Unit writes:

Wars can easily be recalled (just bring the soldiers home), but government programs are forever. Just think the damage that would be done to the US economy if all the money that is currently spent in Iraq were to be spent domestically.

N. writes:

Without adding more fuel to the fire, I wanted to mention that I think this comment thread is better than most, and that I'd really like to see Bryan respond to some of the claims leveled against them here.

...I'd also like to hear some discussion from Bryan on how he reconciles his desire for a Swiss model, which I think seems to rely a lot on homogeneity, with his essentially open border stance on immigration.

Not that I'm trying to put words in his mouth here.

TGGP writes:

I'm for not allowing people from anti-American terrorist-producing places into our country and staying the hell out of where they live. Is there a glaring flaw in that plan I haven't noticed?

James writes:

Wouldn't a Swiss approach involve hiring out the US army to various Middle-Eastern leaders for their border disputes?

One of the reason the Swiss declared "permanent peace" in 1515 was to make it easier to hire out its troops. Switzerland was a political force centuries after it stopped fighting wars on its own account.

ko writes:

I agree with Stephen W. Stanten; however, Bryan may be bringing the Swiss as a ideal versus a perfect model? I also agree with "N." that it may be good to see more explanation.

aaron writes:

Unit, great point!

We've had access to really cheap money that we'd be stupid not to take advantage of. Given the choice of spending it on the creation and expansion of traditional government programs and military spending, military spending should win hands-down!

General Specific writes:

"government programs and military spending, military spending should win hands-down!"

Eisenhower referred to this as the military industrial complex and warned against it for good reason.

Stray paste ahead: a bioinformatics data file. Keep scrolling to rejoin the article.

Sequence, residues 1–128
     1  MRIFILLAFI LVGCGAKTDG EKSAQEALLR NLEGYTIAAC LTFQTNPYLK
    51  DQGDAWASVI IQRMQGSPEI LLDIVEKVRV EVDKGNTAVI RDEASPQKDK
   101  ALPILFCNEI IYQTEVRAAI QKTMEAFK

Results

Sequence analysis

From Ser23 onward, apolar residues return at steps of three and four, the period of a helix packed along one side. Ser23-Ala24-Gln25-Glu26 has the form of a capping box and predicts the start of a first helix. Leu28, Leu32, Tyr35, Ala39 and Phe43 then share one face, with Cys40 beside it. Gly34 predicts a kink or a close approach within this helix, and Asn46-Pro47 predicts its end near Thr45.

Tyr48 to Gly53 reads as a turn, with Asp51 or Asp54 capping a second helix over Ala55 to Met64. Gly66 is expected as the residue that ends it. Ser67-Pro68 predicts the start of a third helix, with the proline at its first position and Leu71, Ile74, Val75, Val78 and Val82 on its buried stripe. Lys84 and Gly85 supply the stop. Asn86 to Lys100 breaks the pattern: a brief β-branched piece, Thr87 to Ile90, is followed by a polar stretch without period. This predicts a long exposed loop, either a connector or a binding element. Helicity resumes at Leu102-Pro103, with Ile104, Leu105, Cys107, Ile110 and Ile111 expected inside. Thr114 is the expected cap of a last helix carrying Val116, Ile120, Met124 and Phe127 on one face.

It would be nice to hear people actually considering the specifics and merits of particular spending programs rather than generalities like the above.

I guess that's a role for General Specific. To understand when to generalize and when to look at the specifics.

Unit writes:

Gen. Specific,

governments with lots of money on their hands tend to be interventionists. The US gov. currently seems to have lots of money. Voters are faced with the choice: economic interventionism or foreign interventionism? Both entail vast destructions of labor and physical capital, but the first often has lasting repercussions (FDA, employer-sponsored insurance, etc...), while the latter may create some anti-americanism, or some extra terrorism, but at least voters have the ability to pull the plug on the destruction at any time. Unfortunately, these kind of reasonings would assume that voters are rational, at least on a subconscious level, while it seems, from Bryan's book, that they are actually irrational. So I don't know.

General Specific writes:

"The US gov. currently seems to have lots of money."

Seems is the right word. Given the size of the federal deficit, I'd say that's not the case.

"Both entail vast destructions of labor and physical capital, but the first often has lasting repercussions (FDA, employer-sponsored insurance, etc...), while the latter may create some anti-americanism, or some extra terrorism, but at least voters have the ability to pull the plug on the destruction at any time."

Enormous funding of the military industrial complex leads to a distortion of scientific workers and agendas focused on non-commercial needs, people who could be teaching working on unnecessary weapons programs. I'm not against military spending, but the waste and bureaucracy is enormous--and wasteful. It is not possible to make a comparison of the tradeoffs and issues at the drop of a hat. And morally I find the idea that foreign military intervention is better than Bush's useless no child left behind repugnant. I would hope others feel the same.

Unit writes:

General,

domestic policies also create useless casualties, think war-on-drugs or the regulation in the health-care sector, etc... NCLB could be compared to the rebuilding effort in Iraq instead.